16 Recipes To Use Up That Sour Milk In Your Fridge

There's nothing worse than reaching for that carton of milk in the back of your fridge and realizing that its expiration date has come and gone. Your first instinct may be to dispose of it right away, but before you pour the milk (and by extension, your money) down the drain, you should reconsider. As it turns out, milk that has turned slightly sour (but not spoiled) is perfectly safe to consume, especially if you cook with it (via Healthy Eating).

First off, it's likely that your store-bought milk has been pasteurized, a process which kills off any bacteria that can cause food-borne illnesses. However, some bacteria, including Lactococcus and Lactobacillus remain, according to a 1999 study in the Encyclopedia of Food Microbiology. When left long enough, they begin to multiply and break down the sugars in milk (lactose) into lactic acid, beginning a natural fermentation process. As opposed to truly spoiled milk, which smells rancid and may have begun to grow mold, sour milk is what you'll have in the early stages of this process. It provides a slightly tangy and acidic taste akin to buttermilk, simply due to the increase in lactic acid.

While you may not want to drink a glass of sour milk straight up, baking is a great way to use the stuff. The extra acidity results in added flavor in baked goods. You can also incorporate it into batters for frying, and just about any recipe that calls for buttermilk.

1. Easy Fried Green Tomatoes

This Southern comfort food classic is a snack that always hits the spot. The light and tart green tomatoes are given a crispy crunch when fried in a flavorful batter, which consists of a dry mixture of spiced breadcrumbs and flour, and a wet mix of eggs and buttermilk, which holds everything together.

It's here that you can swap in your sour milk for the buttermilk, creating a batter that will bring out the bright acidity of the tomatoes. Fry 'em up and enjoy!

Recipe: Easy Fried Green Tomatoes

2. Buttermilk Blackberry Scones

For a homemade breakfast you can easily take on the go, bake up a batch of these sweet and fruity blackberry scones, topped with a tart lemon glaze.

This recipe typically calls for buttermilk, specifically because the extra acid helps the scones rise and makes them more tender. So your sour milk, which also boasts more acid than regular milk, can serve as the perfect alternative. And not only do they take just about a half hour to make, they'll also last in your fridge for up to a week.

Recipe: Buttermilk Blackberry Scones

3. Fluffy Southern Biscuits

What would a comfort food feast be without a pile of fluffy, flaky biscuits on the side?

To make these Southern-style biscuits extra soft and tender, this recipe calls for cornstarch. Of course, you can also add your own secret ingredient to the dough: sour milk, which will combine with the other dairy components, butter and heavy cream, in place of the buttermilk. Pro tip: Use frozen butter in the mix to achieve ultimate flakiness when baking.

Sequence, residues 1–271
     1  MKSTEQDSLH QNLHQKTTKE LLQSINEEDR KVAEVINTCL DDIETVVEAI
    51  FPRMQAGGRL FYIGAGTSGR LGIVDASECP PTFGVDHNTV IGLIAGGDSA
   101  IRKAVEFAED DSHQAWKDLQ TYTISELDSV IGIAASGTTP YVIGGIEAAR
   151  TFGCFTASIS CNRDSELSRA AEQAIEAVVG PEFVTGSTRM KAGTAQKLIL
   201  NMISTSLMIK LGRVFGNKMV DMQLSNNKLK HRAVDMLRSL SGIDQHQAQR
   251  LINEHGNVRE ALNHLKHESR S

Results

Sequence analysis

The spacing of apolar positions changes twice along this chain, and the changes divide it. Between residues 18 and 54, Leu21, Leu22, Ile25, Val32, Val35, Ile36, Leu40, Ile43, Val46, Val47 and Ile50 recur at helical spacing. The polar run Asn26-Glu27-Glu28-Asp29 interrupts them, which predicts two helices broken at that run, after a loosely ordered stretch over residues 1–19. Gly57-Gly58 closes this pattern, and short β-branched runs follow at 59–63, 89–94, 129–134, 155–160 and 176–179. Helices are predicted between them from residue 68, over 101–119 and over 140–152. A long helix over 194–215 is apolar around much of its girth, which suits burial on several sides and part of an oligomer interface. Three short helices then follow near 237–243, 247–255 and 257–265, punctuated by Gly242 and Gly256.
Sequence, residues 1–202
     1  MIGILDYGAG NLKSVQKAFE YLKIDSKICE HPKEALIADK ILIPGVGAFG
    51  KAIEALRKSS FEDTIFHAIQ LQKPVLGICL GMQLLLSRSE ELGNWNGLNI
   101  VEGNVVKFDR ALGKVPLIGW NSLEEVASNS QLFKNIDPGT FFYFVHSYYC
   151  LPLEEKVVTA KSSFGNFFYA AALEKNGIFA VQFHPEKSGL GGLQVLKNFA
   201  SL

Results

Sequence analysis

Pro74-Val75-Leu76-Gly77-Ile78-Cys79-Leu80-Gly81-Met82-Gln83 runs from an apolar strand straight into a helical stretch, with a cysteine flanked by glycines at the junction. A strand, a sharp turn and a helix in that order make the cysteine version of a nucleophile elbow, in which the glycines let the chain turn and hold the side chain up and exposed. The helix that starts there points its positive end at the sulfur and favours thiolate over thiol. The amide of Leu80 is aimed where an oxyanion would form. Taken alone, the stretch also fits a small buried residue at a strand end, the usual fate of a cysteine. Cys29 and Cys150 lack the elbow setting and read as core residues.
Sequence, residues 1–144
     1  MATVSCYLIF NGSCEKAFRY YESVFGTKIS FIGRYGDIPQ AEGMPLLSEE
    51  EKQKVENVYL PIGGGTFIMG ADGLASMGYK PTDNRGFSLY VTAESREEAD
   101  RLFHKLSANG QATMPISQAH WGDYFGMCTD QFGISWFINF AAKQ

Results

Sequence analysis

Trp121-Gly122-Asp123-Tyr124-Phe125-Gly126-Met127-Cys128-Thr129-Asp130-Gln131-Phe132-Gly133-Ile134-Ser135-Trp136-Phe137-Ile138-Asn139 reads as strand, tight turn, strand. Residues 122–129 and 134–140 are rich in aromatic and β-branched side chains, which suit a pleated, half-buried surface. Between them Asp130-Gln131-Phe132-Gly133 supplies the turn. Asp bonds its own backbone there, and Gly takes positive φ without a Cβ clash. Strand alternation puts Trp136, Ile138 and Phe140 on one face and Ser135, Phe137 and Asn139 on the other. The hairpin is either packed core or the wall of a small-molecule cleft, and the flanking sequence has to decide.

Recipe: Fluffy Southern Biscuits

4. Easy Pancakes

There's nothing like a plateful of golden pancakes drenched in maple syrup to start your day. While it may be convenient to reach for a store-bought mix, it can actually be just as easy to make your own homemade stack from scratch.

The prep time for this classic recipe is just 10 minutes. You can use any kind of milk in this batter, but to add a tangy twist to the taste, sour milk is a great option. Since the extra acid also acts as a leavening agent, using sour milk here will result in even fluffier pancakes.

Recipe: Easy Pancakes

5. Pecan-Crusted Chicken Breast

If you're looking to get creative with your plain chicken breast, shake things up and add a ton of crispy flavor with this pecan-crusted version. This equally crunchy alternative to fried chicken is actually baked and comes with the extra nutritional value of nuts.

To ensure all those delicious chopped pecans stick to your meat, you first need to saturate the chicken in a milky marinade rife with spices. The recipe uses buttermilk, but you can swap in your sour milk for the marinade instead.

Recipe: Pecan-Crusted Chicken Breast

6. Zingy Lemon Buttermilk Pound Cake

The ideal dessert for a summer afternoon, this bright lemon pound cake delivers a refreshing zing of citrus with every bite.

Buttermilk is typically used as the star of this cake batter, combined with lemon juice and zest, but sour milk will achieve the same tangy and acidic flavor you're going for, perfectly complementing the citrus. After baking, the sponge is infused with a tart lemony syrup, resulting in optimal moistness, then topped with a generous drizzle of sugary icing.

Recipe: Zingy Lemon Buttermilk Pound Cake

7. Homemade Ricotta Cheese

When your milk is slightly past its prime, perhaps one of the coolest ways you can give it a second life is by using it to make homemade ricotta. It's definitely one of the easiest cheeses to DIY, and it just so happens to call for sour milk!

Usually, this recipe will have you sour regular milk yourself by adding lemon juice to help it curdle, but you can start off a step ahead by using already-sour milk as well. You should still add the lemon juice, as the extra acid will hurry the process along.